Advertising Principles - Evidence-based principles

Dictionary of terms used in Advertising Principles

There are 61 entries in this glossary.
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Term Definition
Campaign

A series of advertisements with a common objective.

Caption

A description commonly placed above or beneath a photograph or an illustration.

Cognitive dissonance

Psychological conflict resulting from incongruous beliefs and attitudes held simultaneously; when applied to advertising, the dissonance that nearly often exists after an individual makes a decision involving two or more alternatives.

Comparative advantage

The degree to which a brand is superior to a competitive brand on a given feature or benefit.

Comparative advertising

Advertising that compares two or more specifically named or recognizably presented brands of the same type of product or service and makes comparisons in terms of one or more specific product or service attributes. Direct comparative advertising explicitly names a competitive brand (e.g., “better than Bose”) and indirect comparative advertising refers to a competitive brand without explicitly naming it (e.g., “better than other leading brands”).

Concrete words

Words that denote a material object as opposed to an abstract quality, state, or action. I use this word as synonymous with “specific.”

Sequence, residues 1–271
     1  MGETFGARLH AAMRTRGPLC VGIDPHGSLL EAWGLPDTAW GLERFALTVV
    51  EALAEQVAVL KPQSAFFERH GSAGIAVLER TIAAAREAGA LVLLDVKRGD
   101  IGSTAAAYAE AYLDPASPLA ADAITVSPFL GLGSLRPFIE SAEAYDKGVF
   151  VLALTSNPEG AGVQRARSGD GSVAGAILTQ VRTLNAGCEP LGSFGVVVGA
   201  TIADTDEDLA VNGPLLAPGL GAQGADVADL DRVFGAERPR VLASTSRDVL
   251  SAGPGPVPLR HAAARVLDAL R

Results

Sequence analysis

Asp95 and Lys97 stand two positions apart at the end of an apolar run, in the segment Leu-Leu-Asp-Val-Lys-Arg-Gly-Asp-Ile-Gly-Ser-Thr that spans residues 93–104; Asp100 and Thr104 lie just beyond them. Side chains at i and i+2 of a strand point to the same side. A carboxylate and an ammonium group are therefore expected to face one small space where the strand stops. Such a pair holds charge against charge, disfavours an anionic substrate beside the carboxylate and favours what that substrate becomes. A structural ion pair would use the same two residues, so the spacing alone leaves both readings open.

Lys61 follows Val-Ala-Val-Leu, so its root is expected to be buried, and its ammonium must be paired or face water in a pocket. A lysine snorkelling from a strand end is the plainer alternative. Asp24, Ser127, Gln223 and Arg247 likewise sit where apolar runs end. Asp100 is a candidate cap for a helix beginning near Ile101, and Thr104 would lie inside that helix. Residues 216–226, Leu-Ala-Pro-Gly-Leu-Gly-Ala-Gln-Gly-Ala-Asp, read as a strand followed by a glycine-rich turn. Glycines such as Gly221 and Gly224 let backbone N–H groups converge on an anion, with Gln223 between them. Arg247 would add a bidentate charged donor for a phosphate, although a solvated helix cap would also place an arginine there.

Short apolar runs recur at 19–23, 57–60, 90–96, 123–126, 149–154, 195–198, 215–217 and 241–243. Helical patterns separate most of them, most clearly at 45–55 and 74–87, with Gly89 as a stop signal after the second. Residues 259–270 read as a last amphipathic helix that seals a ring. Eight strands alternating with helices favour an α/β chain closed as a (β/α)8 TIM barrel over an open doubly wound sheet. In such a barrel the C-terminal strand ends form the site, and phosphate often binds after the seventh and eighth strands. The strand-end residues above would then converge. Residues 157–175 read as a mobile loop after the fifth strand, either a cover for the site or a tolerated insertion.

Copy

The text used in ads. (See Body text.)

Copy testing

Research to determine how consumers will respond to an ad. In particular, will the ad affect behavior?

Correlation

Correlations give an idea of how closely two variables vary, going from -1 (perfect agreement in the negative in the negative direction: if x is higher, y is lower) to +1 (perfect agreement in the positive in the negative direction: if x is higher, y is higher). It is widely confused with causality (it is not). A pattern of correlations may help to support a statement about causality, but the lack of a correlation does not mean that variables are not causally related. For example, it might occur because one variable did not vary, or because the relationship was masked by the variations in another variable. It is not an easy measure to understand because it is related to various properties of the data. For example, data on individuals tend to have smaller correlations (below 0.1) than for group data, and time series can have very high correlations (above .9) even for spurious relationships (such as two variable that rise over time). Unfortunately, it is difficult to infer importance or effect sizes from correlations. In addition, it is easy for statisticians to obtain higher correlations by using various “tricks.” Armstrong (1970) showed how a correlation of .92 was obtained by correlating two series of random numbers. I try to refrain from reporting correlations; however, in some cases, it is the only measure provided by the researchers, and can be used as a very rough measure of relative importance.

Credence product

A product for which the claims are based on faith. The consumer cannot check this, even after using the product. However, published tests or comments from prior consumers could help to transform a credence product into a search product (see Search product).


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